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USA v. Darius Stevens, Sr., No. 12-4514 (6th Cir. 2014)Annotate this Case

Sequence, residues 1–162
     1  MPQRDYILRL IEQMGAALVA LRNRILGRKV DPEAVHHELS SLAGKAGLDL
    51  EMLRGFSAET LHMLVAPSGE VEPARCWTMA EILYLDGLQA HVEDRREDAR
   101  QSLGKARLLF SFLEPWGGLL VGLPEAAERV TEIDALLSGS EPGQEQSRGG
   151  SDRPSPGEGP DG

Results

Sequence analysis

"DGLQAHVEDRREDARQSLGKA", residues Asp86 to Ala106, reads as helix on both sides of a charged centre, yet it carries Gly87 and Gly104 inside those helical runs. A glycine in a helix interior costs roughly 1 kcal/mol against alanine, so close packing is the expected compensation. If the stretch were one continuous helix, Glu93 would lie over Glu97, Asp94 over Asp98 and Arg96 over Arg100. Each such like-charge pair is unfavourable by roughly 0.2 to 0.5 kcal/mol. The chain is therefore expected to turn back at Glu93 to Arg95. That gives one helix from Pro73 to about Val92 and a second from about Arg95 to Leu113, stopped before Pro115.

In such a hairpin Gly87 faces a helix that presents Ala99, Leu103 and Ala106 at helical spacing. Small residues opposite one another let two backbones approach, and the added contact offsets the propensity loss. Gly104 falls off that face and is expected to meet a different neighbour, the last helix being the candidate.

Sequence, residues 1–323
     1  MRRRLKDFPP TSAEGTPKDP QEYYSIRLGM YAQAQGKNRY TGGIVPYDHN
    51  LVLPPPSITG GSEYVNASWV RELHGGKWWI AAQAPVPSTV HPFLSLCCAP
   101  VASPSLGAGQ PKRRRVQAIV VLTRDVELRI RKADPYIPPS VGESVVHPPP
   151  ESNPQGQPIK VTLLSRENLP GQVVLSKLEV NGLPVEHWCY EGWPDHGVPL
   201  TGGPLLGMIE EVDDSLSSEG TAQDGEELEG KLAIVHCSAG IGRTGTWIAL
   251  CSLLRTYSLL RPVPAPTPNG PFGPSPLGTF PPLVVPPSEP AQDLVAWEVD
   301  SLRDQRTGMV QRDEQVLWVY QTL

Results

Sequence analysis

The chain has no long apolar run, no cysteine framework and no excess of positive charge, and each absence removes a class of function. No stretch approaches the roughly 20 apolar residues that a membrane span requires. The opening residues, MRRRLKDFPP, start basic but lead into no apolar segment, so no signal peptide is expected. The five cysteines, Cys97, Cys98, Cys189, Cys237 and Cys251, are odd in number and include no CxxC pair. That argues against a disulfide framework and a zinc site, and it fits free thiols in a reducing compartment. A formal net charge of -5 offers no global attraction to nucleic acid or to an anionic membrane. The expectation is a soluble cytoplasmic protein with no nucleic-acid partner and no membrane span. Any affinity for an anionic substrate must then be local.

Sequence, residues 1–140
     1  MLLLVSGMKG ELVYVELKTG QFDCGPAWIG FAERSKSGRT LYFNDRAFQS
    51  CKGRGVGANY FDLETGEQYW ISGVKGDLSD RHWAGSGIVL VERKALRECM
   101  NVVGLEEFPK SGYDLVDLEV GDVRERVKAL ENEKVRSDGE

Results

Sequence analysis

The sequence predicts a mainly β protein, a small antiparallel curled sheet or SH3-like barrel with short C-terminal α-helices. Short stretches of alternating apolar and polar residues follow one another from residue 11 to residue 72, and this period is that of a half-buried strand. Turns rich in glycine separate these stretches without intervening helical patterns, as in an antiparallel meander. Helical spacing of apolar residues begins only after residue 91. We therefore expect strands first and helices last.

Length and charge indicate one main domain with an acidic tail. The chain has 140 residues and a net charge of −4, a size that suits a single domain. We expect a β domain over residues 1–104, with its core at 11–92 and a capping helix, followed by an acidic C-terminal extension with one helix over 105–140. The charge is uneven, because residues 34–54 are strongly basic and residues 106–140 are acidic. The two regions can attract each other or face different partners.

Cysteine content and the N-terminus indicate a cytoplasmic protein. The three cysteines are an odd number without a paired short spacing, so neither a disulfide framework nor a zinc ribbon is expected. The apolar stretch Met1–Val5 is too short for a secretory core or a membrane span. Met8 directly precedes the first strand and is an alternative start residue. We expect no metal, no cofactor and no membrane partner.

NOT RECOMMENDED FOR FULL-TEXT PUBLICATION File Name: 14a0176n.06 FILED No. 12-4514 UNITED STATES COURT OF APPEALS FOR THE SIXTH CIRCUIT UNITED STATES OF AMERICA, Plaintiff-Appellee, v. DARIUS STEVENS, Defendant-Appellant. ) ) ) ) ) ) ) ) ) ) ) ) Mar 05, 2014 DEBORAH S. HUNT, Clerk ON APPEAL FROM THE UNITED STATES DISTRICT COURT FOR THE SOUTHERN DISTRICT OF OHIO OPINION BEFORE: BOGGS, NORRIS, and WHITE, Circuit Judges. PER CURIAM. Defendant Darius Stevens pleaded guilty to one count of conspiracy to make, utter, and possess forged securities of organizations in violation of 18 U.S.C. §§ 513(a) and 371. In exchange for his guilty plea, the government dismissed a 75-count superseding indictment pending against him, which included charges for multiple counts of bank fraud, aggravated identity theft, and possession of counterfeit securities. The district court sentenced Stevens to 60-months in prison followed by three years of supervised release. On appeal, Stevens challenges this sentence as substantively unreasonable. Stevens led a counterfeit-check ring in which forged checks from various businesses were cashed by several individuals at privately owned grocery stores, taverns, and convenience stores in Dayton, Kettering, Trotwood, Huber Heights, and Springfield, Ohio. As part of the scheme, Stevens obtained identification cards, Social Security cards, and birth certificates, which he and his co-conspirators used to cash the checks and set up bank accounts in which to deposit the forged checks. Law enforcement searched Stevens s residence and seized myriad items related to the counterfeit-check scheme, including 1,038 blank commercial checks, computer equipment used to manufacture counterfeit checks and identification cards, thirty-three identification cards, fifty-two Social Security cards, fifteen birth certificates, 397 blank cashier s checks, and books with titles including ID by Mail, The Encyclopedia of Personal Identification, The ID Forger, and How to Make Driver s Licenses and Other ID on Your Home Computer. A presentence report calculated Stevens s total offense level as twenty-seven and his criminal history category as III, resulting in an advisory sentencing guidelines range of 87 to 108 months of imprisonment. However, because the statutory maximum penalty of sixty months is less than the minimum of the guideline range, the guideline range became 60 months. The district court did not fully adopt the presentence-report calculation because the parties failed to include the amount of intended loss, used in the presentence report, in the factual stipulations in the plea agreement. Nevertheless, the district court carefully stepped through the sentencing factors in 18 U.S.C. § 3553(a) in determining that a sentence of sixty months was appropriate. The court emphasized that Stevens has engaged in a continuous pattern of forgery dating back more than twenty-five years, including an almost identical scheme in 1996 for which Stevens received a fifty-seven-month sentence and still owes over $100,000 in restitution. The court was adamant about protecting the public from further crimes, noting that in addition to the long history of forgery, Stevens organized the offense and recruited his codefendants. Stevens argues that the district court gave undue weight to his leadership role in the offense and that the district court, in considering the § 3553(a) factors, should have considered only the facts stipulated in the plea agreement. We disagree, the key question is whether the facts considered were reliable, which they were. When all is said and done, a sentencing judge s inquiry is broad in scope and it is largely unlimited as to the kind of information he may consider, or the source from which it may come. United States v. Graham-Wright, 715 F.3d 598, 601 (6th Cir. 2013) (quoting United States v. Tucker, 404 U.S. 443, 446 (1972)). Given the guidelines range calculated in the presentence report, the seriousness of the crime and the other § 3553(a) factors cited by the district court, and the favorable plea agreement, the sixty-month sentence imposed by the district court is substantively reasonable. The judgment of the district court is AFFIRMED.